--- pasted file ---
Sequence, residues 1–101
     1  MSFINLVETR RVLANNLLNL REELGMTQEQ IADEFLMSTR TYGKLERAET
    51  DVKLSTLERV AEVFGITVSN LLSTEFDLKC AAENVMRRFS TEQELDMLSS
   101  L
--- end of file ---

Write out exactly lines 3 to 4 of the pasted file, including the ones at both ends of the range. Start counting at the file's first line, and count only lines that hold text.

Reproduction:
    51  DVKLSTLERV AEVFGITVSN LLSTEFDLKC AAENVMRRFS TEQELDMLSS
   101  L